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Parsec 2023 Predictions: Taking Connectivity for Granted in the Best Way Possible

vmblog-predictions-2023 

Industry executives and experts share their predictions for 2023.  Read them in this 15th annual VMblog.com series exclusive.

Taking Connectivity for Granted in the Best Way Possible

By Bill Rokos, CTO at Parsec Automation Corp.

If you were to ask any random IT Director, CIO, or tech leader to summarize their job in one word, there's a good chance they'd say "preparation." Between configuring their data storage, installing backup generators, or building a data breach crisis communications plan, working in tech is often an exercise in anticipating the worst-case scenario.

The technological advancements of the past decade have both transformed how software providers do business and empowered them to make better decisions based on sharper insights. The proliferation and adoption of cloud-based offerings and edge services, for example, have not only revolutionized solution delivery and data storage but have also amplified solution depths and breadths. The caveat of this advancement is that, for as great as a far-reaching, stored-in-the-cloud solution may be, the infrastructure to ensure access to it during any number of "worst-case" scenarios is not yet widespread. As such, many companies-and the solution provider they are working with-can find themselves grappling with how to ensure that mission-critical data and services will remain available even if, for example, local connectivity is severed.  

Fortunately, the tide is changing. More and more, it is becoming possible for businesses to bake secured and reliable internet connectivity into their operations. As this trend continues to grow, I predict that we will achieve a level of robustness where connectivity becomes a given, enabling customers and software providers to spend more time focused on creating and implementing the most efficient, effective solutions possible.  

Businesses will soon treat connectivity as any other utility

In the current landscape of IoT, and particularly in the arena of manufacturing where data is collected and processed en route to off-premises data centers or cloud repositories, there is quite a lot of focus on edge processing and store/forward contingencies in the event of a communications disruption. Having witnessed the evolution of internet technologies and reliability from manufacturing sites to their remote dependencies over 20 years, I see change on the horizon.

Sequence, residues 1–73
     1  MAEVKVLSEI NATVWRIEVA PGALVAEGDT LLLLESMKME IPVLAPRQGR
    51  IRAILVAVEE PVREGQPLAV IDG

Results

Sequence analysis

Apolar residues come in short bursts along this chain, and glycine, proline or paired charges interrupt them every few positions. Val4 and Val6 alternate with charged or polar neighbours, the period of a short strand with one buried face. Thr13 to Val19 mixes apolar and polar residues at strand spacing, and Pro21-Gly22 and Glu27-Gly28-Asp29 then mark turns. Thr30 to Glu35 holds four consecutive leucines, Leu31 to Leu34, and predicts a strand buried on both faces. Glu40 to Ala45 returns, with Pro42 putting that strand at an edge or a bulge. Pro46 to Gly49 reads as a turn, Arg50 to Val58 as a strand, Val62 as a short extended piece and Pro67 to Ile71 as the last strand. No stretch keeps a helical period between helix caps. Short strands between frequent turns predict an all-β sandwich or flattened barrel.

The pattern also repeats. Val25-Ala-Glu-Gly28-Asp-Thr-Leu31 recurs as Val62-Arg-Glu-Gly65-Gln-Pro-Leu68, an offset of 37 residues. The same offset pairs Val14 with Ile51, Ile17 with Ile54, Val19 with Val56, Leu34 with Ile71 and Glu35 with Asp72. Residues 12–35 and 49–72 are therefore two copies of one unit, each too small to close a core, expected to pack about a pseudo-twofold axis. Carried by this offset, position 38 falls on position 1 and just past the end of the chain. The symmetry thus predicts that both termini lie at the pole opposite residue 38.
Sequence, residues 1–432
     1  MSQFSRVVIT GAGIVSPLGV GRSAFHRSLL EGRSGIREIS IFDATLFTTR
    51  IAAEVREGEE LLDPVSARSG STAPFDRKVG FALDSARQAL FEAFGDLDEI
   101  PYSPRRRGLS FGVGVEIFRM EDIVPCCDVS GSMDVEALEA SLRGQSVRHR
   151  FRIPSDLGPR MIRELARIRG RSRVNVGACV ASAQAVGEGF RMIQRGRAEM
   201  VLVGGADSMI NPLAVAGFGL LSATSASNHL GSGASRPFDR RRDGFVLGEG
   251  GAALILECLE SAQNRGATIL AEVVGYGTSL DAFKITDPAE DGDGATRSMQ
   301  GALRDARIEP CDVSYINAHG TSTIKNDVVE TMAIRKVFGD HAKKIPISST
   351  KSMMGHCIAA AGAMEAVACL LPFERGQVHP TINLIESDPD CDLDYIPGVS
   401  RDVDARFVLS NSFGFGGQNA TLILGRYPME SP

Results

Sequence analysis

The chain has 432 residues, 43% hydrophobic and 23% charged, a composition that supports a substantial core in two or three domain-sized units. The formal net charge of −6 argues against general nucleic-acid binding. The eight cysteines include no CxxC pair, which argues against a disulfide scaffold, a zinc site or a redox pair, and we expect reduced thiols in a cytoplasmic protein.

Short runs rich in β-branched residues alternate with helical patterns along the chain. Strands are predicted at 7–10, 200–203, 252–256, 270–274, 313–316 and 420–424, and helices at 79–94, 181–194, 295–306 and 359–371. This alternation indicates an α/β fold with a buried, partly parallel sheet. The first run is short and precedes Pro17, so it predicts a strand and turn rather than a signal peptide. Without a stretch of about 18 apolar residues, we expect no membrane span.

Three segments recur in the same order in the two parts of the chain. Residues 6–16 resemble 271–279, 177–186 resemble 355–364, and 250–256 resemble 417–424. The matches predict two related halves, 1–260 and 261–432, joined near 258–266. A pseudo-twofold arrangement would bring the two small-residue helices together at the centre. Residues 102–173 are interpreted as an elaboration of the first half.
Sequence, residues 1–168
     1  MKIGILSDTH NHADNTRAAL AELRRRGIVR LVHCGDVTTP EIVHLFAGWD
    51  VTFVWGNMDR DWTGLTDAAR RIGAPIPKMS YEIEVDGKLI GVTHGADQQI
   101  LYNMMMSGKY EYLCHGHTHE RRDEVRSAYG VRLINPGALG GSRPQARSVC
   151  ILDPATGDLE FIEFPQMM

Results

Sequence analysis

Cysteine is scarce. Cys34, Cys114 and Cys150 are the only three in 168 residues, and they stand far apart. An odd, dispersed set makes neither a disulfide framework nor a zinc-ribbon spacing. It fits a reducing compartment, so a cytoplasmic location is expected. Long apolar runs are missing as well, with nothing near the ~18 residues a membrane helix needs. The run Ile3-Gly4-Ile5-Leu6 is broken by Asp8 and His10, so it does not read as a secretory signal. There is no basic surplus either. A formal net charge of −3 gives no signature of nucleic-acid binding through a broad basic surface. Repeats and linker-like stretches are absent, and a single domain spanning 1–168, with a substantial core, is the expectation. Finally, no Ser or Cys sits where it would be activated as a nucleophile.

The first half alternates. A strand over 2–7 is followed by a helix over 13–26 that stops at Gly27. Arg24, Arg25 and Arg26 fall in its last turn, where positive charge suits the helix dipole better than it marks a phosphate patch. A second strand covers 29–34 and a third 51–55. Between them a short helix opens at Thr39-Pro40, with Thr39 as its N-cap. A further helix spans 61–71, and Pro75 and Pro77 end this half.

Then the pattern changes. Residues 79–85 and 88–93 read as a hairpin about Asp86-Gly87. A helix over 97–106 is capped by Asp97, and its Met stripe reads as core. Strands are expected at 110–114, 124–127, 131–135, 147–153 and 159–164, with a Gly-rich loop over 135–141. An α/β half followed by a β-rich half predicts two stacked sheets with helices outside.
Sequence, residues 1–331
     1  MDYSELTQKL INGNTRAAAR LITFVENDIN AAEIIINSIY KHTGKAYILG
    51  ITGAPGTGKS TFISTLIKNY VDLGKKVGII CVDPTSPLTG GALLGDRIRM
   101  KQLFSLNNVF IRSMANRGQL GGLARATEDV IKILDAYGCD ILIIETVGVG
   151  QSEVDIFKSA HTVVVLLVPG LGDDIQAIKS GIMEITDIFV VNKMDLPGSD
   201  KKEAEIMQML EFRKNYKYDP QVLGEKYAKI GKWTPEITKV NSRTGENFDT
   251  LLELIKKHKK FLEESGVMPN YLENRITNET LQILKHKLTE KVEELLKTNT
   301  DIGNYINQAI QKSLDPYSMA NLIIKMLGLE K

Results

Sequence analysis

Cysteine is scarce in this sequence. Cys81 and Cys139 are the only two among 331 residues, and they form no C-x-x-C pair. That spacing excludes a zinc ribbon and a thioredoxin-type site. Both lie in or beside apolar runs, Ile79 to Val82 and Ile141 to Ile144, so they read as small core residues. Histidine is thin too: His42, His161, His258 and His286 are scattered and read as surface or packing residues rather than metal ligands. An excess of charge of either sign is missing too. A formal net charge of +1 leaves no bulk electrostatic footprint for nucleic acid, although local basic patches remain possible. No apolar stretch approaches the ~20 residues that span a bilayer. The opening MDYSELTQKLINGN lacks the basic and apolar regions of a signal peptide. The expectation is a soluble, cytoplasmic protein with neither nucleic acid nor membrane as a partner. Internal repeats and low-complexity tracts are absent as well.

My company, Parsec, operates in the manufacturing sector. When we look at a manufacturing site's use of other utilities, such as water or power, much of the related processes are built under the simple assumption that those utilities are always present. There is no additional engineering or design to the actual equipment or networks themselves that requires them to keep running in the event of an outage. Of course, the overall site will likely have backup generators or water storage in the event of a major disruption, but those resources and processes are segregated from the standard process and are handled in a more standard manner-as far as the equipment itself is concerned, it doesn't matter whether the water/power comes from the primary source or a backup repository.

In the future, I believe internet connectivity will be treated similarly to these now-standard utilities. To be sure, there may (and likely should) still be site-wide backups in place, but IoT systems and hardware will be able to merely "assume" it exists. These new frameworks will allow solution builders to focus on the job at hand instead of enumerating and forecasting all the possible problems that might occur.

The bottom line is that today's tech is incredibly advanced and delivers unprecedented stability to the professionals who use it. As technology continues to evolve and connectivity continues to march toward becoming an unwavering given, I look forward to seeing and operating in an industry replete with impactful, business-defining digital solutions.

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ABOUT THE AUTHOR

Bill-Rokos 

Since 1999, Bill has spearheaded the development of Parsec's manufacturing operations management (MOM) platform, TrakSYS. As Parsec's longtime CTO, he has personally worked with many of Parsec's customers around the world. From implementing and architecting TrakSYS deployments to creating the TrakSYS training curriculum, designing the latest TrakSYS features, and fostering a creative, hands-on work environment, Bill has been instrumental in Parsec (and TrakSYS)'s impact and success.

Published Friday, January 06, 2023 7:36 AM by David Marshall
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